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README.md

Brikz

Reconfigurable micro composition system.

Why

The motivation for creating bricks was splitting big monolithic code into pieces. I wanted the tool that builds up an equvivalent of big legacy object (containing working code as well as API) from small parts. Additionally, I wanted to be able to change the parts involved at runtime (like, loading the system, then taking loader away). This is important not primarily from memory or performance PoV, even if it can help for embedded devices, but primarily from the design PoV. The less parts are actually needed to successfully run the system, the less spaghetti the code is. I also believe that trying to achieve this, I must do the refactorings that fix lots of other things in the code as a by-product.

What

Brikz is the system that assembles the resulting object (API) from parts. These parts are simply put into the brikz object. At any time you can reconfigure the parts (by simple assigment/deletion) and ask brikz object to rebuild; the rebuilding process reassembles the API object on the fly.

How

Brikz aims to be minimal, so just copy it and include it where appropriate (it is just one Brikz constructor). Then instantiate it:

  var api = /* skeleton of my object */;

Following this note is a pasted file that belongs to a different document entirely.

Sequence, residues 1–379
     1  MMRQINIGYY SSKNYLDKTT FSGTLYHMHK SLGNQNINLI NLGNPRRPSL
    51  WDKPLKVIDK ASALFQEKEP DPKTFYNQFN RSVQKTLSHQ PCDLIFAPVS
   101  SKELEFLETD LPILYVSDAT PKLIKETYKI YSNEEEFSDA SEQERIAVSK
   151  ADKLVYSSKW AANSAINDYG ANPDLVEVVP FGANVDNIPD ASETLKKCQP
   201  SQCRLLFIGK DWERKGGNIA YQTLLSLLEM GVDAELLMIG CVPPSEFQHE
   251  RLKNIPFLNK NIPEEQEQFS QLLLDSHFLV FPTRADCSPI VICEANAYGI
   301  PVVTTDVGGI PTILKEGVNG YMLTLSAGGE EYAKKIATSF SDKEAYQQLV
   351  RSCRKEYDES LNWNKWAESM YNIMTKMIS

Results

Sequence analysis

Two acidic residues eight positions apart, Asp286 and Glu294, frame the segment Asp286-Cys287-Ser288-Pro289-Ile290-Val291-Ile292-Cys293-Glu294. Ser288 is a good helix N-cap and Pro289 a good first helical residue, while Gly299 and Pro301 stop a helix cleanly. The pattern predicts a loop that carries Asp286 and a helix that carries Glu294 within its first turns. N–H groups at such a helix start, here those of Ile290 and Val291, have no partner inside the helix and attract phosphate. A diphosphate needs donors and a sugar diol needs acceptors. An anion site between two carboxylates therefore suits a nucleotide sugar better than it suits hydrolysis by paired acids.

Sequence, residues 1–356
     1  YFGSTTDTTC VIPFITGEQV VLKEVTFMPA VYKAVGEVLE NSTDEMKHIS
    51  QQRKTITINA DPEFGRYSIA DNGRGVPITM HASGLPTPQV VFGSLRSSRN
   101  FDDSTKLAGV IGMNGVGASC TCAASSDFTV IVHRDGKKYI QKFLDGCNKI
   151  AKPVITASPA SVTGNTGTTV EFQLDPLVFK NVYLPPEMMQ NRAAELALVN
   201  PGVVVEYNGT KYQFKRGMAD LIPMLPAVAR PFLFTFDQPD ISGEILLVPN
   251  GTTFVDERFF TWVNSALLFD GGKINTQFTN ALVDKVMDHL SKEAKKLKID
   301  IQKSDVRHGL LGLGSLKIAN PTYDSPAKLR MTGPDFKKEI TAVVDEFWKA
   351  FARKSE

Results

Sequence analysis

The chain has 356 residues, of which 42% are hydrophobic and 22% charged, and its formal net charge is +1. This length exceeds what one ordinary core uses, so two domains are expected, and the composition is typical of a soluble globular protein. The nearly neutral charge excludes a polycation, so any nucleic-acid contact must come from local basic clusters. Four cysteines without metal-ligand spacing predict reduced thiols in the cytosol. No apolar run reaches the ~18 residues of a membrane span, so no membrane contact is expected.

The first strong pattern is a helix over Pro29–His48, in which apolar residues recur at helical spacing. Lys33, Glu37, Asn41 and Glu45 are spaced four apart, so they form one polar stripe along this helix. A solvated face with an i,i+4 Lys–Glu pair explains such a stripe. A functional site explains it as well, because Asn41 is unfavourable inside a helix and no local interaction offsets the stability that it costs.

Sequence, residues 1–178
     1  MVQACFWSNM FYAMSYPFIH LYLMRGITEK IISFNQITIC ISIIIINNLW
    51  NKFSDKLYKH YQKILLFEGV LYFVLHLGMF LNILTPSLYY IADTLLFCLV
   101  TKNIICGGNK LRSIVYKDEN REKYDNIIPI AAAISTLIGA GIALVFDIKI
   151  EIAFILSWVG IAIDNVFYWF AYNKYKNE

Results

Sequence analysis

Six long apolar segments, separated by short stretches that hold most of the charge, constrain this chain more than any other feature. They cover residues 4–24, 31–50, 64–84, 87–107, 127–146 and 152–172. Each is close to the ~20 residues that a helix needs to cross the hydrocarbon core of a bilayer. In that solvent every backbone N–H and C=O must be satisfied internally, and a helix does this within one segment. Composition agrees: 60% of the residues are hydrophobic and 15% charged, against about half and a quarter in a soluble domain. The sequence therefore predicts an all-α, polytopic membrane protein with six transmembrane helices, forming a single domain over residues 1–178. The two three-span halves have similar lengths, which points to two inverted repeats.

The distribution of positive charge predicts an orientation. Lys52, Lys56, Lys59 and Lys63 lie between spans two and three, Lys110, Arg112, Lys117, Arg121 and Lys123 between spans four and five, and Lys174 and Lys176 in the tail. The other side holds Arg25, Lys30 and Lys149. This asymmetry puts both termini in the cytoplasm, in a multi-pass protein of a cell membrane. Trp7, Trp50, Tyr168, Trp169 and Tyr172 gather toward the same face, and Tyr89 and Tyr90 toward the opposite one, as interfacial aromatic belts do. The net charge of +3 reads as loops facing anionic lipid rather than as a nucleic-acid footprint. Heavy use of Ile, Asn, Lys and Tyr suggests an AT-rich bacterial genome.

var brikz = new Brikz(api);

Then, you should have some parts:

function Foo(brikz, api) {
  this.internalFoo = function () { ... }:
  api.publishedFoo = function () { ... }:
}

function Bar(brikz, api) {
  this.internalBar = function () { ... };
  api.publishedBar = function () {
    ...;
    // use brikz.foo and brikz.foo.internalFoo as you see fit
    // it now contains the object, not the factory
    // You can _not_ use api.publishedFoo directly in Bar,
    // but you can use it in any code to be run later.
    ...;
  };
}
Bar.deps = ["foo"];

The deps array synchronously tries to process part named foo before processing bar. Thus, if you have circular dependencies, you end up with stack overflow. Don't have them. :wink:

You then put the parts in brikz object, rebuild it and you have api ready for use:

  brikz.foo = Foo;
  brikz.bar = Bar;
  brikz.rebuild();

  api.publishedBar(...);

You can add / delete / change parts later and call rebuild again. Parts that are not functions, are left as is (their internal as well as API part); parts that are functions are instantiated again and merged in. Parts that are nulled are removed.

Advanced use

TBD